1-8 of 8 results  for:

  • Clothing, Fashion, and Textiles x
  • 1775–1800: The American Revolution and Early Republic x
  • Social Work and Philanthropy x
Clear all

Article

David M. Fahey

temperance reformer, federal customs official, and educator, was born William Middleton Artrell, of one quarter African and three quarters European ancestry, at Nassau in the Bahamas. There Artrell benefited from a basic education on the British model, acquired experience as a schoolteacher, and became a staunch Episcopalian.

During the American Civil War the Bahamas prospered as a result of services to blockade runners, who transported British cargo in the short but dangerous voyage between the Bahamas and the Confederate coast. When the war ended, however, economic depression forced many Bahamians to seek work in the United States. In 1870 Artrell migrated to Key West, at that time a major port in Florida. Unlike most African Americans in the South, he had never been a slave. In 1870 Key West opened the Douglass School for African American children Artrell became its first principal and as a result he was sometimes ...

Article

Elizabeth L. Ihle

educator and suffragist, was born Minisarah J. Smith in Queens County, New York, the daughter of Sylvanus Smith and Ann Eliza Springsteel, farmers who were of mixed Native American, black, and white descent. Although Garnet's great-grandmother had established a school that her father attended, little is known about Garnet's own early schooling other than that she was taught by her father. However, she was a teacher's assistant at age fourteen with a salary of twenty dollars per year while she studied at various normal schools in the Queens County area. By 1854 Garnet (known as Sarah) was teaching in the private African Free School in the Williamsburg section of Brooklyn. In 1863 she became the first African American principal appointed by the New York Public School System, serving at the all-black P.S. 80 from her appointment until her retirement in 1900.

The annual closing exercises at Garnet ...

Article

civic leader, politician, and barber, was born in Fredericksburg, Virginia. He claimed, in an autobiographical sketch published shortly before his death, to be the son of Streshley Simmons, a black veteran of the War of 1812, and Rosetta Waring (Historical Hand, 33). A tradition among Robert's descendants, however, held that his actual father was “a master” (white plantation owner). Certainly Simmons's facial features appeared mulatto, and he is listed as such in three federal censuses. No documentation is known for the earliest period of Simmons's life. However, it is known that in April 1841 he immigrated to Parkersburg, (West) Virginia, on the Ohio River and successfully established himself as a barber, which would remain his lifelong vocation. On 19 January 1843, he married Susan King. By 1858, the couple had become parents of nine children.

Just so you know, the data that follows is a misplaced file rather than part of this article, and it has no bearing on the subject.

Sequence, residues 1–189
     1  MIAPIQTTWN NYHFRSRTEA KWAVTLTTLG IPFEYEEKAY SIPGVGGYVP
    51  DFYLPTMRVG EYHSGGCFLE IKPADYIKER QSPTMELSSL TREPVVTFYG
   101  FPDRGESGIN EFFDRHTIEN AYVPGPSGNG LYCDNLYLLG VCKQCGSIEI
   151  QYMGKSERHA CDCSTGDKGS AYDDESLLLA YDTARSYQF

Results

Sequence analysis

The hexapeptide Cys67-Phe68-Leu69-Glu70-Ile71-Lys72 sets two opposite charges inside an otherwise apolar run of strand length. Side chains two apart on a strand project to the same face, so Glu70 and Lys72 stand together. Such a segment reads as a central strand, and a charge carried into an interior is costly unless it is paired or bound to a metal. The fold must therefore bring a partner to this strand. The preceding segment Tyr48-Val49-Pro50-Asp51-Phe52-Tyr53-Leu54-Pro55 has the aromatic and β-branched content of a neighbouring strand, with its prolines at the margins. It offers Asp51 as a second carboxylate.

Simmons s rise to ...

Article

Thomas J. Shelley

Toussaint, Pierre (1766–30 June 1853), businessman and philanthropist, was born a slave in the French colony of Saint Domingue (Haiti). Little is known of his early life except that, like his mother and maternal grandmother, he spent his youth as a house slave on a plantation in the Artibonite Valley in central Haiti near the port of Saint Marc. In the library of the plantation owner, Pierre Bérard, young Toussaint discovered the works of classical French preachers such as Bossuet and Massillon. Apparently it was from his reading of these sermons, rather than from any contact with the notoriously corrupt local clergy, that Toussaint developed his deep devotion to the Catholic faith.